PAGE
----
Miami – Miami Beach

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Nice Miami Beach Models photos

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Portrait

A few sexy miami beach models images I found:

South Beach Has the Longest Stretch of Public Beach in the Miami Area. Thousands of Retired Persons Have Settled Here in Inexpensive Residential Hotels Built Within Walking Distance of the Beach. The Area Now Faces Problems of Over-Development.
4726923699 2d7bcdc1c6 Nice Miami Beach Models photos
Image by The U.S. National Archives
Original Caption: South Beach Has the Longest Stretch of Public Beach in the Miami Area. Thousands of Retired Persons Have Settled Here in Inexpensive Residential Hotels Built Within Walking Distance of the Beach. The Area Now Faces Problems of Over-Development.

U.S. National Archives’ Local Identifier: 412-DA-6135

Photographer: Schulke, Flip, 1930-2008

Subjects:
Miami Beach (Dade county, Florida, United States) inhabited place
Environmental Protection Agency
Project DOCUMERICA

Persistent URL: arcweb.archives.gov/arc/action/ExternalIdSearch?id=548622

Repository: Still Picture Records Section, Special Media Archives Services Division (NWCS-S), National Archives at College Park, 8601 Adelphi Road, College Park, MD, 20740-6001.

For information about ordering reproductions of photographs held by the Still Picture Unit, visit: www.archives.gov/research/order/still-pictures.html

Reproductions may be ordered via an independent vendor. NARA maintains a list of vendors at www.archives.gov/research/order/vendors-photos-maps-dc.html

Access Restrictions: Unrestricted
Use Restrictions: Unrestricted

Blonde Virgin Doll in Miami Beach
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Image by Paquita69
Blonde Virgin Doll Spreads in My Miami Beach Front Hotel !

beach liz
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Image by Wonder Lynx
miami beach, fl

March 5, 2014 |

Nice Miami Beach photos

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A few sexy Miami beach images I found:

Miami Beach, USA
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Image by Jorge in Brazil

Miami Beach
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Image by Corey Ann
Shot of Miami Beach as seen from our balcony.

*appearing in Everywhere Magazine’s 3rd issue!*

March 4, 2014 |

Cool South Beach Party images

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Check out these south beach party images:

Beatport Beach Party – 03.26.10
4499080804 ab60b3227e Cool South Beach Party images
Image by Rohner Studio
www.SnappingHouse.com

Beatport Beach Party – 03.26.10
4498443133 5fbe44fc0a Cool South Beach Party images
Image by Rohner Studio
www.SnappingHouse.com

March 4, 2014 |

Barton G. The Restaurant – Kebobs

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A few sexy Miami Beach restaurants images I found:

Barton G. The Restaurant – Kebobs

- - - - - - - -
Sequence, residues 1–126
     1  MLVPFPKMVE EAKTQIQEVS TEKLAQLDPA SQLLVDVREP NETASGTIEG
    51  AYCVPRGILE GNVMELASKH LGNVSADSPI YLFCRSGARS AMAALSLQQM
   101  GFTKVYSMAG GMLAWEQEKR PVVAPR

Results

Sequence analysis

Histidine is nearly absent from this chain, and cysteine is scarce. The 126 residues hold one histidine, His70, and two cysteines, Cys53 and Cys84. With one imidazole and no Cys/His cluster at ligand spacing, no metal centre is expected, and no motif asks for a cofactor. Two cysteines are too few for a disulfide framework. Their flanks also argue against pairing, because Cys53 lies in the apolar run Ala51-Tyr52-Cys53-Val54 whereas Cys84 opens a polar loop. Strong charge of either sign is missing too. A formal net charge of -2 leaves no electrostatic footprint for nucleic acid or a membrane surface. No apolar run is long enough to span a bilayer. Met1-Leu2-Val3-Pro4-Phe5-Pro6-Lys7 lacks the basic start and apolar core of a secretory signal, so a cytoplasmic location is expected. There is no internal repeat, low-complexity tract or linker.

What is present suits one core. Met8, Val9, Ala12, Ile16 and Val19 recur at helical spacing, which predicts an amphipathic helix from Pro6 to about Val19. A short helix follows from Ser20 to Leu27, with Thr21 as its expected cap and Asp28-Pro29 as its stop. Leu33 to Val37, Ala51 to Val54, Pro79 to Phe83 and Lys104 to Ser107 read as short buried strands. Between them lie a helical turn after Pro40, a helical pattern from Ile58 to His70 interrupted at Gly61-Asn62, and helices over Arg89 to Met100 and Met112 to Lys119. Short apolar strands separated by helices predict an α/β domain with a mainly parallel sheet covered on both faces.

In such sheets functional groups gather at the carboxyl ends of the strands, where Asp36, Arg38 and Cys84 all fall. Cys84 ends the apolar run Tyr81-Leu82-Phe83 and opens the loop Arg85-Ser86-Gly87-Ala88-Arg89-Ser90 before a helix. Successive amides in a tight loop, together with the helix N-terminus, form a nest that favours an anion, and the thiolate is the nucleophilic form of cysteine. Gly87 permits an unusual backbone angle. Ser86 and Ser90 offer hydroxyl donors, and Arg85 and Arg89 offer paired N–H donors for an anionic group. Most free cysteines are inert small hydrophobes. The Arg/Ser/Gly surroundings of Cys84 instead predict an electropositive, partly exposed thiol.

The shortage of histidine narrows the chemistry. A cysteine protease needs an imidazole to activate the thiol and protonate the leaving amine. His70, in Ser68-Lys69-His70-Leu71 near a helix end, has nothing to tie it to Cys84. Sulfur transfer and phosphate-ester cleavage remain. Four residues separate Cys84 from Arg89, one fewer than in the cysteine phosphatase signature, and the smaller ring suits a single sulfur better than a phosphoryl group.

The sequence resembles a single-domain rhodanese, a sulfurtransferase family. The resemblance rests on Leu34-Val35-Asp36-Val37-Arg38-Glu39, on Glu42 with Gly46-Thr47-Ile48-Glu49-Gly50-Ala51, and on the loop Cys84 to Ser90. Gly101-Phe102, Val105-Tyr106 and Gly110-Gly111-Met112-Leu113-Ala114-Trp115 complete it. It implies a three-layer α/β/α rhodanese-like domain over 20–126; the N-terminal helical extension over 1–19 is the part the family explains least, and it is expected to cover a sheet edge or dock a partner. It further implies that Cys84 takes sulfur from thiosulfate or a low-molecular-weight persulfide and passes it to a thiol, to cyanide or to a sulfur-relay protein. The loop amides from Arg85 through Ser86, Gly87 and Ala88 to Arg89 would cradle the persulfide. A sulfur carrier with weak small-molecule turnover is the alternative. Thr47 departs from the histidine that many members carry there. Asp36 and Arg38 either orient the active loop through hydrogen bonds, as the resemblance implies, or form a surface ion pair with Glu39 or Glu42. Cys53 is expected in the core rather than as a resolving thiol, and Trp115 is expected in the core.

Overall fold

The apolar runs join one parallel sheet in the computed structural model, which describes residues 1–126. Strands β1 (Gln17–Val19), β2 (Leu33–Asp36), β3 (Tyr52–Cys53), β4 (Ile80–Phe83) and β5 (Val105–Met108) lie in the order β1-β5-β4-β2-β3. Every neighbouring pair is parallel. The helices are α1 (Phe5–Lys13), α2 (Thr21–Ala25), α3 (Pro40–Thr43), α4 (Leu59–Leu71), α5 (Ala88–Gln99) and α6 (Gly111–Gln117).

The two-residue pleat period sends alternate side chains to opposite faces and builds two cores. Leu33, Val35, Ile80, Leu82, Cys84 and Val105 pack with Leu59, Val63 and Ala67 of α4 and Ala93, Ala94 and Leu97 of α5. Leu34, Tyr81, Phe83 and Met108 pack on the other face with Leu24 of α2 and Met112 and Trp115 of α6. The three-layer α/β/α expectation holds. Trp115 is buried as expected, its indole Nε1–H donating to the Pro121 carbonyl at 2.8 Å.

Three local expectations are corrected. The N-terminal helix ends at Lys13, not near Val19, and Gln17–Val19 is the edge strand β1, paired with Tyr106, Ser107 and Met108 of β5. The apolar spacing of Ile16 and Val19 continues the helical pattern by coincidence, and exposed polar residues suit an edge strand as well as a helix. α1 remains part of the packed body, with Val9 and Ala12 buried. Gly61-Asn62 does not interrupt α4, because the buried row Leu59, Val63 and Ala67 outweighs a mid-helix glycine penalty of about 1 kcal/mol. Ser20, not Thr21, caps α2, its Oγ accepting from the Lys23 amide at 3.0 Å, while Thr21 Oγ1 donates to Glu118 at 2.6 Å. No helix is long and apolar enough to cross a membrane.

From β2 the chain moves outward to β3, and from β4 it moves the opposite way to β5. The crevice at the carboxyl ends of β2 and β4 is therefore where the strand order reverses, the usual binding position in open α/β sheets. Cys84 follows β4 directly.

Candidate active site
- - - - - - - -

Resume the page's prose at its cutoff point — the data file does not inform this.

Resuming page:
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Image by ZagatBuzz
The flashy Barton G. The Restaurant serves generous portions of New American cuisine in South Beach.

March 3, 2014 |

Nice Miami Beach Music photos

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Check out these miami Beach music images:

Ultra Music Festival – 004
2387289444 02fd927a58 Nice Miami Beach Music photos
Image by rieh
Ultra Music Festival

March 1, 2014 |

Beatport Beach Party – 03.26.10

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Some beautiful south beach party images:

Beatport Beach Party – 03.26.10
4499081628 0e0f315067 Beatport Beach Party   03.26.10
Image by Rohner Studio
www.SnappingHouse.com

Beatport Beach Party – 03.26.10
4498440967 7e154e728a Beatport Beach Party   03.26.10
Image by Rohner Studio
www.SnappingHouse.com

Beatport Beach Party – 03.26.10
4498446063 b76068eb2d Beatport Beach Party   03.26.10
Image by Rohner Studio
www.SnappingHouse.com

March 1, 2014 |

Nice South Beach Models photos

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Check out these south beach models images:

It’s the Electroma car! (3)
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Image by markhoekstra
What can I say? Ever since I saw Daft Punk’s Electroma, I had an obsession for this car. Instead of some red shiny midlife crisis model, *this* probably is my all time favourite Ferrari. If I could afford it, I would remove all the logos and preferably have it redone in matte black ^_^ But, don’t worry, I can’t afford it (and I’m not in a mid-life crisis or whatever crisis for that matter either)

But, what are the odds of seeing exactly this car in my hometown on the parking lot of a garage? This is not South Beach (or ;-)) California but Groningen, The Netherlands and a Ferrari, no matter which model, is quite a rare sight overhere already.

It’s the Electroma car! (1)
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Image by markhoekstra
What can I say? Ever since I saw Daft Punk’s Electroma, I had an obsession for this car. Instead of some red shiny midlife crisis model, *this* probably is my all time favourite Ferrari. If I could afford it, I would remove all the logos and preferably have it redone in matte black ^_^ But, don’t worry, I can’t afford it (and I’m not in a mid-life crisis or whatever crisis for that matter either)

But, what are the odds of seeing exactly this car in my hometown on the parking lot of a garage? This is not South Beach (or ;-)) California but Groningen, The Netherlands and a Ferrari, no matter which model, is quite a rare sight overhere already.